4: Henry Hazlitt’s Economics in One Lesson
Bad economic policy has started wars, caused nations to collapse, and fostered depressions. The study of economics might seem to be a daunting task, but by understanding a few simple principles, you’ll be able to identify fallacies that continue to shape and distort our economic policy. Economics in One Lesson, first published in 1946, remains the gold-standard introduction to the “dismal science” of economics. ——— Website: https://www.ericcervone.com YouTube:...
3: F.A. Hayek’s The Intellectuals and Socialism
The idea of socialism has been gaining traction among young people and intellectuals. This trend isn’t new—F.A. Hayek’s “The Intellectuals and Socialism” lays out why socialism is so attractive to these groups. The essay, published in 1949, details the vital role of the “secondhand dealers in ideas,” and explains why advocates of a free society shouldn’t simply ignore them. 70 years later, Hayek’s words are still eerily relevant. "Fear the Boom and Bust" Keynes vs. Hayek Rap Battle:...
Quick Quotes 1: Albert Einstein on the Enduring Will of the Jewish People
This quote from Dr. Albert Einstein, rallying his people to fight through adversity, sits at the end of the main exhibit of the National Holocaust Museum in Washington, DC. ——— Website: https://www.ericcervone.com Facebook: https://www.facebook.com/realericcervone Instagram: https://www.instagram.com/ericcervone Twitter: https://twitter.com/ericcervone YouTube: https://www.youtube.com/channel/UC13h27HBHpqpHWtzxJF4jQA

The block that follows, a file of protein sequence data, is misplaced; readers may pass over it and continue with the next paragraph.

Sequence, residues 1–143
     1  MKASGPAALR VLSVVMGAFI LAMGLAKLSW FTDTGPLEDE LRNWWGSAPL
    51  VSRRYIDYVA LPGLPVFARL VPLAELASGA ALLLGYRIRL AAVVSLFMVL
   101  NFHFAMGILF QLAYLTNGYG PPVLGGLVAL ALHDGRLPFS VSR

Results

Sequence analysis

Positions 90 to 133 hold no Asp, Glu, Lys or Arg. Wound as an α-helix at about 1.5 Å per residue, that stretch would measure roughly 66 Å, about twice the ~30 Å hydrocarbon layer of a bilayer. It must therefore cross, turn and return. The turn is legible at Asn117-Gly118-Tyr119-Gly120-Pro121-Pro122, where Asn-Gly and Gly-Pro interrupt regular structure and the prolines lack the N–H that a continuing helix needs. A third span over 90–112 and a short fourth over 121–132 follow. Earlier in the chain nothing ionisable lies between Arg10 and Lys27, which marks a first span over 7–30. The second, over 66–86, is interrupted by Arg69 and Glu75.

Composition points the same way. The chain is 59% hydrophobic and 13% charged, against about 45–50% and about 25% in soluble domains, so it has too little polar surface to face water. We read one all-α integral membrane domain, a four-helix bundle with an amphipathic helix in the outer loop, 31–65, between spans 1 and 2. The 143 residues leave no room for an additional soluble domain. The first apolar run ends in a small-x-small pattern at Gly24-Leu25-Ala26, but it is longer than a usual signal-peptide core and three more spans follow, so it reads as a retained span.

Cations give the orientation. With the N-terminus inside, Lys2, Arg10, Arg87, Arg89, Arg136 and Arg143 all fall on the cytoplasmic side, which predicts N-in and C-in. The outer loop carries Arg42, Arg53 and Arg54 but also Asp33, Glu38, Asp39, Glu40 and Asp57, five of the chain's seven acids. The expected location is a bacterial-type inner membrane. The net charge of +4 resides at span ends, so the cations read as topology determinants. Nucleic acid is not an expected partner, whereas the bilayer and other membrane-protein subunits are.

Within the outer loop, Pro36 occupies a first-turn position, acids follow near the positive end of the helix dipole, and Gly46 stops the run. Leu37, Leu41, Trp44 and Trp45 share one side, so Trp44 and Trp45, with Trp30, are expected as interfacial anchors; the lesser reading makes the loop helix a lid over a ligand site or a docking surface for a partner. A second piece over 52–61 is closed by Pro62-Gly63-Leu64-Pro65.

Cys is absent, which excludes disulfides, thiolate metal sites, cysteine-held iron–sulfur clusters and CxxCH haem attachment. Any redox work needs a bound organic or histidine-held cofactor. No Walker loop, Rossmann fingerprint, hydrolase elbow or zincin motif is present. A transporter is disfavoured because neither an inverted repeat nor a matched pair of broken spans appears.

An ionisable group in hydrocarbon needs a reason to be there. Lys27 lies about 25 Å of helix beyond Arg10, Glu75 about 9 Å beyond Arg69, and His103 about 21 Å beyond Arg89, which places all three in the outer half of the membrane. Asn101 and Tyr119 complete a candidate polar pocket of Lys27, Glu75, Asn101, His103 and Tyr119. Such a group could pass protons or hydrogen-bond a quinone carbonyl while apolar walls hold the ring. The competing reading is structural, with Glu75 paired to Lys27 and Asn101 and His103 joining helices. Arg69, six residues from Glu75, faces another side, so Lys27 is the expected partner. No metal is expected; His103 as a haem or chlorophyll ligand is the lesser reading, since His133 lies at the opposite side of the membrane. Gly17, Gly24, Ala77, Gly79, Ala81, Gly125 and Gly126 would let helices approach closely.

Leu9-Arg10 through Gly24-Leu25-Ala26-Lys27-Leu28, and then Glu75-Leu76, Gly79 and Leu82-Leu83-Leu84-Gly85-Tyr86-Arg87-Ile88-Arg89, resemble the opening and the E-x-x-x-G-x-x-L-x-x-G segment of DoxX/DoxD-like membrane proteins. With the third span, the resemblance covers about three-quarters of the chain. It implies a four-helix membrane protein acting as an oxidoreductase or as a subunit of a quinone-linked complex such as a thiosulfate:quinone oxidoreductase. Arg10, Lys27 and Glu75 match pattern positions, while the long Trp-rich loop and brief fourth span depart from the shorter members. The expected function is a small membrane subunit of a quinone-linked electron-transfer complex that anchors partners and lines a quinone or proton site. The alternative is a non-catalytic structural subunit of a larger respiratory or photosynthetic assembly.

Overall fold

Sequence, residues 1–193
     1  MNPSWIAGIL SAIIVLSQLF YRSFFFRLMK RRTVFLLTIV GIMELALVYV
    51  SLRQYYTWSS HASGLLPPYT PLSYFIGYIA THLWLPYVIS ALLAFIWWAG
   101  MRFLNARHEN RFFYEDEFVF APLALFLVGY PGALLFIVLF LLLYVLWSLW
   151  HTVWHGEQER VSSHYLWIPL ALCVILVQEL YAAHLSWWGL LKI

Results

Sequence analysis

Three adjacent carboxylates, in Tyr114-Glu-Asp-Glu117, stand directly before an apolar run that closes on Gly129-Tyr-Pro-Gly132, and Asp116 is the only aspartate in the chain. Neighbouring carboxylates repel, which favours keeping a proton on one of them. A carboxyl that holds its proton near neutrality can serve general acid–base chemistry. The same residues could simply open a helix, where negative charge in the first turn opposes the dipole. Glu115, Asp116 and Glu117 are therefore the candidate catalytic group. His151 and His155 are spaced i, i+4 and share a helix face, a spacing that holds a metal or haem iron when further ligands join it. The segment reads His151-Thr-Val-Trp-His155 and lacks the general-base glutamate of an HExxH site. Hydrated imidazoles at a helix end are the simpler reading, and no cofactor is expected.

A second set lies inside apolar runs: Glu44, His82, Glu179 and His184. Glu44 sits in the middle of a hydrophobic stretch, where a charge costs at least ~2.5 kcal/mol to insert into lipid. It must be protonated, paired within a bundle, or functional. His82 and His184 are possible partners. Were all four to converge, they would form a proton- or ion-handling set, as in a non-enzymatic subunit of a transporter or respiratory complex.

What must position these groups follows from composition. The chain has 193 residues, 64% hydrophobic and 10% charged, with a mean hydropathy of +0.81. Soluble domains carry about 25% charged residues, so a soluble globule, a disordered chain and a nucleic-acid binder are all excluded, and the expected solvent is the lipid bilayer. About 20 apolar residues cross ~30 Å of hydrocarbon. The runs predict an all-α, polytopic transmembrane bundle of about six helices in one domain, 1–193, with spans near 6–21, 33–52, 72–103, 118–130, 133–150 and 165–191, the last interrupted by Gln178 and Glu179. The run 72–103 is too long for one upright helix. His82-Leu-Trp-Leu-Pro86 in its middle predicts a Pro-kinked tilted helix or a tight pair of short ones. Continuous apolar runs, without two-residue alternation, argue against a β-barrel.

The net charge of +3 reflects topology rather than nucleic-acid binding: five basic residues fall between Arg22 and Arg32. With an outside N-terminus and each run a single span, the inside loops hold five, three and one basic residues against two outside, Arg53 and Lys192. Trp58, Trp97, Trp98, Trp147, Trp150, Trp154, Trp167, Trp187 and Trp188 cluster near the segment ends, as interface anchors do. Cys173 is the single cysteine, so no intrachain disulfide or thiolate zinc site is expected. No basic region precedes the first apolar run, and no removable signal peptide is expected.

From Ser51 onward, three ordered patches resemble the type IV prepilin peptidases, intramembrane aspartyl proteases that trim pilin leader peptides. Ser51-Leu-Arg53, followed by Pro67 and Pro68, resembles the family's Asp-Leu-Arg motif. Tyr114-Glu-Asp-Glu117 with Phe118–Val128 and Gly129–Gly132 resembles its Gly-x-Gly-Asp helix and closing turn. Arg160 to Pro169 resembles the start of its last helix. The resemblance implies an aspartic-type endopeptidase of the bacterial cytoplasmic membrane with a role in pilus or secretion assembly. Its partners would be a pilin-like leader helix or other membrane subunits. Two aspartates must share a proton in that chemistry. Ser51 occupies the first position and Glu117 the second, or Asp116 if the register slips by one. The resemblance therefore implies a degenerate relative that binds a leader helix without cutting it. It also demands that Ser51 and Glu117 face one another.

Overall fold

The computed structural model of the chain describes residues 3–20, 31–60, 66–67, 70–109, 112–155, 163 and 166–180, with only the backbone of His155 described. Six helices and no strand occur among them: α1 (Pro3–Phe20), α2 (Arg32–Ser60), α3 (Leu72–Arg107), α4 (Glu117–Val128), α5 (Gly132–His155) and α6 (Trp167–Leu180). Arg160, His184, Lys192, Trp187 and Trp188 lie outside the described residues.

2: John Locke's Second Treatise of Government
John Locke's Second Treatise of Government was a vociferous defense of private property, representative government, and the right of revolution. Its echos can be heard throughout the Declaration of Independence and the writings of America's Founding Fathers. —— Website: https://www.ericcervone.com Facebook: https://www.facebook.com/realericcervone Instagram: https://www.instagram.com/ericcervone Twitter: https://twitter.com/ericcervone YouTube:...
1: Thomas Paine's Common Sense
Thomas Paine’s Common Sense served as the intellectual ammunition for the American Revolution. Paine's pamphlet was read across the colonies, and rallied Americans to overthrow British rule. —— Website: https://www.ericcervone.com Facebook: https://www.facebook.com/realericcervone Instagram: https://www.instagram.com/ericcervone Twitter: https://twitter.com/ericcervone YouTube: https://www.youtube.com/channel/UC13h27HBHpqpHWtzxJF4jQA
While everyone is interested in arguing over the issue of the day, relatively few people understand the principles that serve as the foundation of our country. Honest Offense is a new podcast dedicated to talking about these principles. Each episode, we’ll discuss important ideas in American history. —— Website: https://www.ericcervone.com Facebook: https://www.facebook.com/realericcervone Instagram: https://www.instagram.com/ericcervone Twitter:...